I am trying to use non proofgrade wood in my Glowforge. Its cutting and engraving fine, especially when I mask it. My question is how do you stop or prevent the black charring on the inside and outside edges. I find that it gets EVERYWHERE. I have tried to sand it and seal it but im not sure if Im missing something. The proofgrade materials are so expensive right now at glowforge, double what they were when I first got my machine. (which i understand but drives up my cost for my customers) I buy the draftboard and hardwood in sheets from home depot and menards but the black comes off from the edges from where the laser has burned the wood. Any suggestions?
You can’t. You’re burning through the wood with a laser. It’s going to char, but not all woods char as much as others. Cedar for instance cuts pretty clean. You can use alcohol on a cloth to wipe the edges.
Yeah I just was curious as to why the hardwood and basswood chars so much more. If there was something I could do to stop it or clean it up better without sanding and sealing. As with the proofgrade products I don’t get black all over everything. lol
I was just hoping that I was missing something. I’ll try cedar! Thank you for the suggestion!
What @beerfaced said plus you can minimize charing by experimenting with speed and power settings. As a general rule, fast and hot work best.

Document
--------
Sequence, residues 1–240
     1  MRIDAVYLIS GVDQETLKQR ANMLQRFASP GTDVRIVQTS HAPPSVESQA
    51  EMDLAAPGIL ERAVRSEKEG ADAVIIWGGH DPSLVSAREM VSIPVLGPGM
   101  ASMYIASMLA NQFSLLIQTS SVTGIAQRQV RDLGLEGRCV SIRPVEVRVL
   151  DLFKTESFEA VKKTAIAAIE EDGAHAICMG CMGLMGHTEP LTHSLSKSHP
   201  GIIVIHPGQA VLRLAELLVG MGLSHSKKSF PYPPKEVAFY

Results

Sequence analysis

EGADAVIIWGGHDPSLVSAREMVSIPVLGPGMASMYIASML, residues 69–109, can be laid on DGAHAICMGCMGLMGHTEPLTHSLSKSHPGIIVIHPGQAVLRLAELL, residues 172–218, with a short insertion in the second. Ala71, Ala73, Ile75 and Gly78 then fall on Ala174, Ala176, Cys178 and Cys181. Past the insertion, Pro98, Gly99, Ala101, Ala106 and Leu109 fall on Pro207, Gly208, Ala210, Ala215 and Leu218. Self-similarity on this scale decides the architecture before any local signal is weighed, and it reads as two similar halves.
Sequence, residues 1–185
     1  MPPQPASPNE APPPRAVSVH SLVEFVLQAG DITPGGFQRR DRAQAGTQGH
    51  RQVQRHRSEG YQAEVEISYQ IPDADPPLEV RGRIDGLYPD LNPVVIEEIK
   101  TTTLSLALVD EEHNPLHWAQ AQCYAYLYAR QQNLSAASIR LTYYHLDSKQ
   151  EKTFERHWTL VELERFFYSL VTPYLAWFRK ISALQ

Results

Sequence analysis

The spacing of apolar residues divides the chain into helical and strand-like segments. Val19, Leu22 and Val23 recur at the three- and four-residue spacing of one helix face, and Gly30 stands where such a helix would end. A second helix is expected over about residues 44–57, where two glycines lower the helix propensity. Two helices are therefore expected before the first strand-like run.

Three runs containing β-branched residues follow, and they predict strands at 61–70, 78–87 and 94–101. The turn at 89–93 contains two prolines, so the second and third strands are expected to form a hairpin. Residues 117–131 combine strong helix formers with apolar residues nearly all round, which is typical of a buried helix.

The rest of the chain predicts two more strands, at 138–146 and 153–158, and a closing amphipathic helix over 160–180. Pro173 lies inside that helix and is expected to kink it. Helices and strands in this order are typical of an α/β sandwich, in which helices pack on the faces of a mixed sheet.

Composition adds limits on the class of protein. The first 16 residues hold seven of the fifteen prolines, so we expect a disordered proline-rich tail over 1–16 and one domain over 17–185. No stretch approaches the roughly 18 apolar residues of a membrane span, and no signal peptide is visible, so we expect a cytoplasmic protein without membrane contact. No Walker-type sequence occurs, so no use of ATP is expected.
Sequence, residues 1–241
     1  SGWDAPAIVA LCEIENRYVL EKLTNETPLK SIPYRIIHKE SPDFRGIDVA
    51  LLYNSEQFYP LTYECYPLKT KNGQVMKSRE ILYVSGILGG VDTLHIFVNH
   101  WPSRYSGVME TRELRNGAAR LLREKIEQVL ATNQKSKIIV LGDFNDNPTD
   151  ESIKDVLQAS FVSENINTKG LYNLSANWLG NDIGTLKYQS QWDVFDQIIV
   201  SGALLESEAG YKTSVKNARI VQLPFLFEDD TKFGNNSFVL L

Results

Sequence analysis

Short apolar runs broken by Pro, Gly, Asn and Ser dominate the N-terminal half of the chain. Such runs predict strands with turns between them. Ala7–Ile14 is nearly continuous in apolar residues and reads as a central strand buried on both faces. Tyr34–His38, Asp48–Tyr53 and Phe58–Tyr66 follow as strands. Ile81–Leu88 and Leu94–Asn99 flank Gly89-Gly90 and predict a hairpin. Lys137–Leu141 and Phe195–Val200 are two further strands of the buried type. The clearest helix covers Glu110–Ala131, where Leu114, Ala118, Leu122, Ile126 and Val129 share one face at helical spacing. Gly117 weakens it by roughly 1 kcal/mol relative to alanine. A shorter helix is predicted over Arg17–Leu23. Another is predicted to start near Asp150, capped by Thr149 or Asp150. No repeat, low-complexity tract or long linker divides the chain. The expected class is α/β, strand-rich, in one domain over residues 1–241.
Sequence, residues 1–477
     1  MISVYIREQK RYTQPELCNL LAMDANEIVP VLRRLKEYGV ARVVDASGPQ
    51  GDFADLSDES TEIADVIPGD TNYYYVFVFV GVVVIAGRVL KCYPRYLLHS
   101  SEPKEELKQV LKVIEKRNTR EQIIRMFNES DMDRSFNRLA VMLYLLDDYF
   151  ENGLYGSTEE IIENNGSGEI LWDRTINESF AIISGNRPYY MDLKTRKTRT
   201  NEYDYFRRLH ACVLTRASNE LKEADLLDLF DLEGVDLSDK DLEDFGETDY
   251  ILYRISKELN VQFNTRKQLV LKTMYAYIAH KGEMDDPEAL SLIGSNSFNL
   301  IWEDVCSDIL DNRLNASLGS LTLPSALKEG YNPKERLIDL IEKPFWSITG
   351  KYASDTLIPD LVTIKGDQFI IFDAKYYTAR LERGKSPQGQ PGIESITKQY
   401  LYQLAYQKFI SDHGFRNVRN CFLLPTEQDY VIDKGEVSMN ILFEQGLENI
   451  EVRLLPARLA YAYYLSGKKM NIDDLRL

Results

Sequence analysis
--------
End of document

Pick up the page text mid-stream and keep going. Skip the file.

Ok I will try that too! Thank you for the suggestion!
It sounds like you are burning too hot. You should try a material test.
Here is the one I have used in the past when trying out a new material.
If you can get the setting dialed in just right, you should have minimal or no charring.
There is also an outside chance that your design might be causing excess charring. If the design has too many nodes or multiple paths stacked on top of each other they can both lead to over-lasering and charring.
Like @markevans36301 said, hot and fast is generally the best way to avoid char, even multiple passes at higher speeds can lead to less char than one pass.
Oh! Thank you!
Thats super helpful!
I forgot to mention earlier, a great way to get a starting point is to look at similar materials that you do know about.
Also there are definitely exceptions to my hot and fast rule. Adams foam board for instance cuts best with a light burn and multi passes.